With Pulcino saxophonist Nicoló Ricci bravely sets off on a musical excursion with only bassist Giuseppe Romagnoli and drummer Andreu Pitarch along for the adventure. The result is a fascinating portrait of an artist and players willing to forego the keyboard's harmonic support and cast improvisational fate to their own superior creativity.
"The Superflourescent Boy" has Ricci and team exploring a brief theme and subsequently moving into a varying-tempoed, swingingly playful track. Ricci's inventiveness, egged on by his bandmates, is superior and rhythmically rainbowed. It's a fine opener. "Andreu" is a short drum feature with Pitarch working his kit feverishly. "Dinosuari Verdi E Un Cavllo Bianco" ("The Green Dinosaur and the White Horse") is a lumbering, heavy and dark sound picture with Romagnoli's bass rock-pounding as Ricci's solo rides above. "Giuseppe" is a free bass solo trip with Romagnoli diving deep into soundsthose sonorous and those scratchedwhich his instrument can manufacture; it is an intriguing minute-plus. "Roy Sullivan" (factually, a cult figure, a man who survived seven lightning strikes in his life only to end it by his own hand) has Ricci sonorous over Romagnoli's strummed bass and Pitarch's entries. Ricci's sax moves freely, without repetition, over the underlying support before the original textures return. It's a highly animated and involving piece and an album highlight.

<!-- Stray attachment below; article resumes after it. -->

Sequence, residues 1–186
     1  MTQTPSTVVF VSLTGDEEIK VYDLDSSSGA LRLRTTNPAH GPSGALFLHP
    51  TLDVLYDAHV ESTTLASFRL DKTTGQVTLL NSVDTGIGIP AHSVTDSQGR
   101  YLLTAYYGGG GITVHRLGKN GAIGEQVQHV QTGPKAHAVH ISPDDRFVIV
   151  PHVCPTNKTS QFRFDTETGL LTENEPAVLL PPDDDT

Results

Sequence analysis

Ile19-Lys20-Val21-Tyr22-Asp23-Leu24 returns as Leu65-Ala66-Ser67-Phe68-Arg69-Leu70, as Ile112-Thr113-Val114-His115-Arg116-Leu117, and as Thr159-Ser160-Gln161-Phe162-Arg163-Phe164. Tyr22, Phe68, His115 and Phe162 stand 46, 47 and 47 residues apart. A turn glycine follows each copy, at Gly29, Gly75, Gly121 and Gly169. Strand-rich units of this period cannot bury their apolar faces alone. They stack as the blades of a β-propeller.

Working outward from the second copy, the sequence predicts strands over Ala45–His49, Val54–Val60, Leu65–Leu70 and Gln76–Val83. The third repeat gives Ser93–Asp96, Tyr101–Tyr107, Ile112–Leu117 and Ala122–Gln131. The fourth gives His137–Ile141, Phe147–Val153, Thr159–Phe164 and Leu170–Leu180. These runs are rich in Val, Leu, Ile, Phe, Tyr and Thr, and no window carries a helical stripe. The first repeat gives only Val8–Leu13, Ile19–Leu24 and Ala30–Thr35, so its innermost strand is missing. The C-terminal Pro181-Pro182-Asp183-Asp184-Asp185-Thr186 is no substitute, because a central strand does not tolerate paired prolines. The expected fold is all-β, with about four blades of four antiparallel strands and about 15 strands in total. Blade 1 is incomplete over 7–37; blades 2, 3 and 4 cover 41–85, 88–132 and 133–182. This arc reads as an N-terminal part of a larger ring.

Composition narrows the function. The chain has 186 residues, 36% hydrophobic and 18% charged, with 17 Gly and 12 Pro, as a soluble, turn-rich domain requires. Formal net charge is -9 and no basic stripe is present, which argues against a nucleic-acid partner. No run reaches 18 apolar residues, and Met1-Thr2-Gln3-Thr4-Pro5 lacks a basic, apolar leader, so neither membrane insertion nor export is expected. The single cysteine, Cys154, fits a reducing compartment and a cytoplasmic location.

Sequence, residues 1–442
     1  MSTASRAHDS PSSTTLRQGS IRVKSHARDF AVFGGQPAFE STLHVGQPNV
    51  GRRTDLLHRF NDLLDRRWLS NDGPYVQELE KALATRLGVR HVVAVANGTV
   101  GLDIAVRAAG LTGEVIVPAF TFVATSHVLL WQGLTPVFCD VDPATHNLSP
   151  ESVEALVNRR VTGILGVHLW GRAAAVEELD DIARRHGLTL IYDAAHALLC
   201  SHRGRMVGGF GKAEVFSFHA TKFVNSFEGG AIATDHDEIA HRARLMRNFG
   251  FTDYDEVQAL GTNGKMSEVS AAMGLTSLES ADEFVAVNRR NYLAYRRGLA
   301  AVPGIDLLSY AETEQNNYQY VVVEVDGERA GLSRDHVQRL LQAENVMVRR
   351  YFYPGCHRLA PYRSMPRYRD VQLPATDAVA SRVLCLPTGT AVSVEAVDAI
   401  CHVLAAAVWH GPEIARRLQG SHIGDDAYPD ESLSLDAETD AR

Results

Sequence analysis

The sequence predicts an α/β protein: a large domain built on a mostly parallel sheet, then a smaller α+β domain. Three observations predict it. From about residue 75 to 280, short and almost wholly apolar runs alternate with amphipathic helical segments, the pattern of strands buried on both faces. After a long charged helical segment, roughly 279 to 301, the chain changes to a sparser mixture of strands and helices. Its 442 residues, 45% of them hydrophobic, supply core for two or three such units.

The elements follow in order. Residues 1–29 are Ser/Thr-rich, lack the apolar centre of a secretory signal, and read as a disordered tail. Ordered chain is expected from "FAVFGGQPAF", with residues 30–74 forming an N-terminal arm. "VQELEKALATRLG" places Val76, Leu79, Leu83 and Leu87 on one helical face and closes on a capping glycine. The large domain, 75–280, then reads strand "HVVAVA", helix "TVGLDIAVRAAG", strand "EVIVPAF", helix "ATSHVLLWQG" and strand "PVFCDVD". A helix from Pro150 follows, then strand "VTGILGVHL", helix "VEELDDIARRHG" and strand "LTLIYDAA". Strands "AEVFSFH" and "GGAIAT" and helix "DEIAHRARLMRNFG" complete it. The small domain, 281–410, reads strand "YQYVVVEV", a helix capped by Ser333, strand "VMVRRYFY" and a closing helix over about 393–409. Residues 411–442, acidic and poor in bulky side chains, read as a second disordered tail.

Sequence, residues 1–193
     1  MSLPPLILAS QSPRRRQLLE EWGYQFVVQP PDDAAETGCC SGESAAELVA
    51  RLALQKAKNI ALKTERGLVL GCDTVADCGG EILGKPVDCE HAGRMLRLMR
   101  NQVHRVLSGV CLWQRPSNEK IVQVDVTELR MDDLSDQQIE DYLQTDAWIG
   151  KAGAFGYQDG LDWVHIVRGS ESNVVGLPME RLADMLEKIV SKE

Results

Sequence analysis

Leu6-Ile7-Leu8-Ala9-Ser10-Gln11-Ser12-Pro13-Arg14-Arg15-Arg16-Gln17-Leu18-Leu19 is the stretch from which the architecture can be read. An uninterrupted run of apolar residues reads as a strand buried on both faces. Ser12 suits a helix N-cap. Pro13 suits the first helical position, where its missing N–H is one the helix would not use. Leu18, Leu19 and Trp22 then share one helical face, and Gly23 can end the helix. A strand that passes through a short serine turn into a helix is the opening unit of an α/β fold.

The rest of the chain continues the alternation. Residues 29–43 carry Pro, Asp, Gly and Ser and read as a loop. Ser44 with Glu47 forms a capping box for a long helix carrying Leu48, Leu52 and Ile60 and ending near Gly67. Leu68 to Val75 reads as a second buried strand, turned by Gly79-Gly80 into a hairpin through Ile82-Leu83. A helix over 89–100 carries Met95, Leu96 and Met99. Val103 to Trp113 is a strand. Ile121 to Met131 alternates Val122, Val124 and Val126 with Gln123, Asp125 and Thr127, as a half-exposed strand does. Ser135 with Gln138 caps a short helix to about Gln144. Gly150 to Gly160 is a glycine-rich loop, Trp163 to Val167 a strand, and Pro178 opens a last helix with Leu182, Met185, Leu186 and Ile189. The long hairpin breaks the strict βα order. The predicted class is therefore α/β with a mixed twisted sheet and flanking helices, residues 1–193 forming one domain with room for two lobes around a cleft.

"Nico Miao Bau Miao" is Ricci exposed alone without a "net" for near three minutes. He makes overtone "polytonal" explorations on tenor that are intensely focused sonorous textures. "Casa(mia)" offers an animated underlying foundation with Ricci's fine tenor riding freely above. Romagnoli's solo demonstrates marvelous technical and improvisational proficiency and Pitarch drives and delights throughout. It's another album highlight. "Come Vuoi e Stia" is a slow, dirge-like melodic statement with Ricci's tenor weeping throughout, before a climactic ending. George Shearing's standard "Conception" is the only purely straight-ahead piece and the trio do it proud. "Te T'an Vu Ste Tan Me" is a moving, expressive final statement that seals the session admirably.
Throughout the album, Ricci's improv chops are stellar. He is technically highly proficient and brilliantly creativeespecially as he works his magic with his supporting duo. Romagnoli and Pitarch are superb players and partners throughout. The communication and interaction among the trio is outstanding. Ideas seem to spark visibly and that makes for highly-engaging listening.
"Pulcino" translates as "chick" and Pulcino's cover depicts a Bird of Paradise, one of the most exotic and brilliantly colorful of all of God's creatures. It is so appropriate for an album of exotic and expressive beauty that will definitely grow on you.
The Superfluorescent Boy; Andreu; Dinosauri Verdi e un Cavallo Bianco; Giuseppe; Roy Sullivan; Nico Miao Bau Miao; Casam(ia); Come Vuoi Che Stia, Nicolò?!; Conception; Te T'an Vu Ste Cun Me.